Claxton Poultry Farms of Georgia has been indicted on charges of taking part in “a nationwide conspiracy to fix prices and rig bids for broiler chicken products” from 2012 through 2019, the Justice Department announced Thursday.

The criminal indictment is the latest development in an ongoing antitrust investigation into broiler industry practices. Pilgrim’s Pride pleaded guilty in February and was sentenced to pay a criminal fine of more than $107 million, after agreeing to pay about $110 million. The company also has agreed to pay $75 million to customers in a separate civil case.

“According to court documents, from at least as early as 2012 until at least 2019, Claxton and co-conspirators, including current President Mikell Fries and current Vice President Scott Brady, conspired to suppress and eliminate competition for sales of broiler chicken products,” DOJ said in a release issued Thursday. The indictment was delivered Wednesday.

“If convicted, Claxton faces a statutory maximum fine for corporations of $100 million,” DOJ said. “The maximum fine may be increased to twice the gain derived from the crime or twice the loss suffered by victims, if either amount exceeds $100 million.

“As this charge shows, we will not hesitate to prosecute crimes designed to put money in corporate coffers and line executives’ pockets at the expense of everyday Americans, including the hundreds of millions of us who rely on chicken to be an affordable staple food,” said Richard Powers, acting assistant attorney general of the Justice Department’s Antitrust Division. 

Fries and Brady have already been charged and are awaiting trial on antitrust charges along with eight other poultry industry executives. In an order issued April 30, the judge overseeing that case denied them access to detailed evidence on the charges.

Defendants are only entitled to “the general theory of the case” and not “the specific legal theories on which the government might rely,” U.S. District Judge Philip Brimmer said in his order.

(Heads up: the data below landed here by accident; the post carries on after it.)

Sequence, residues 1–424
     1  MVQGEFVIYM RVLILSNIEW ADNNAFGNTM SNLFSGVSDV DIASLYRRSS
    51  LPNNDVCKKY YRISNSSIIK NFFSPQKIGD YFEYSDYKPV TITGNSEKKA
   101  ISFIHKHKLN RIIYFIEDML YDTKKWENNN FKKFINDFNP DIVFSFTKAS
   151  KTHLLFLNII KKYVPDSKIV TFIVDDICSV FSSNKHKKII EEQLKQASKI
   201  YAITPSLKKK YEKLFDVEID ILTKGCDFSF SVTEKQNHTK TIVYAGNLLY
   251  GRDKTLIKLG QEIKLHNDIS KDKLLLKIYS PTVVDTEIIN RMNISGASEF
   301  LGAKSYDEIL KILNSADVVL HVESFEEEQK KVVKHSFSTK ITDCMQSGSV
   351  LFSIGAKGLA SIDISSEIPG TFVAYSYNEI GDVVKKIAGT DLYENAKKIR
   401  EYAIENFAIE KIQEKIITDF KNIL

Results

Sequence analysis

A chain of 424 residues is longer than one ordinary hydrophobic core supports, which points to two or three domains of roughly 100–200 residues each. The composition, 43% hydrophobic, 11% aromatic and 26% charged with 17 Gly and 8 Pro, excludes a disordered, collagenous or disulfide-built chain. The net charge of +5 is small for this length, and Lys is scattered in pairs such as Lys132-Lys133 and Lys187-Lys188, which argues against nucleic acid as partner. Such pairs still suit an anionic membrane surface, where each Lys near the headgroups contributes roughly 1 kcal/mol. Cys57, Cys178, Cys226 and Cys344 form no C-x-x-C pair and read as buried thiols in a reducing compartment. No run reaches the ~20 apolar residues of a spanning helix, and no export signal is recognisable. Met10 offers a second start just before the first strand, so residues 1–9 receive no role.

“Defendants essentially are asking for every piece of evidence and each legal theory the government will present at trial, but that is not the purpose of a bill of particulars,” he said, referring to a provision in the Federal Rules of Criminal Procedure.

A trial date of Aug. 2 has been set in that case, but the defendants have asked for an October date, citing the “voluminous” documentation produced by the government.

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“To date, the government has produced more than 13.7 million documents,” the defendants said in a motion filed May 5. “Defendants continue to receive oftentimes voluminous discovery from the government on a regular basis, which in turn, affects defense counsel’s legal and factual analysis, defense investigation, consideration of potential experts, and contemplation of pretrial motions.”

According to the indictment in the Claxton case, “It was part of the conspiracy that Claxton … participated in a continuing network of suppliers and co-conspirators, an understood purpose of which was to suppress and eliminate competition through rigging bids and fixing prices and price-related terms for broiler chicken products sold in the United States.”

Claxton did not immediately respond to a request for comment on the indictment.

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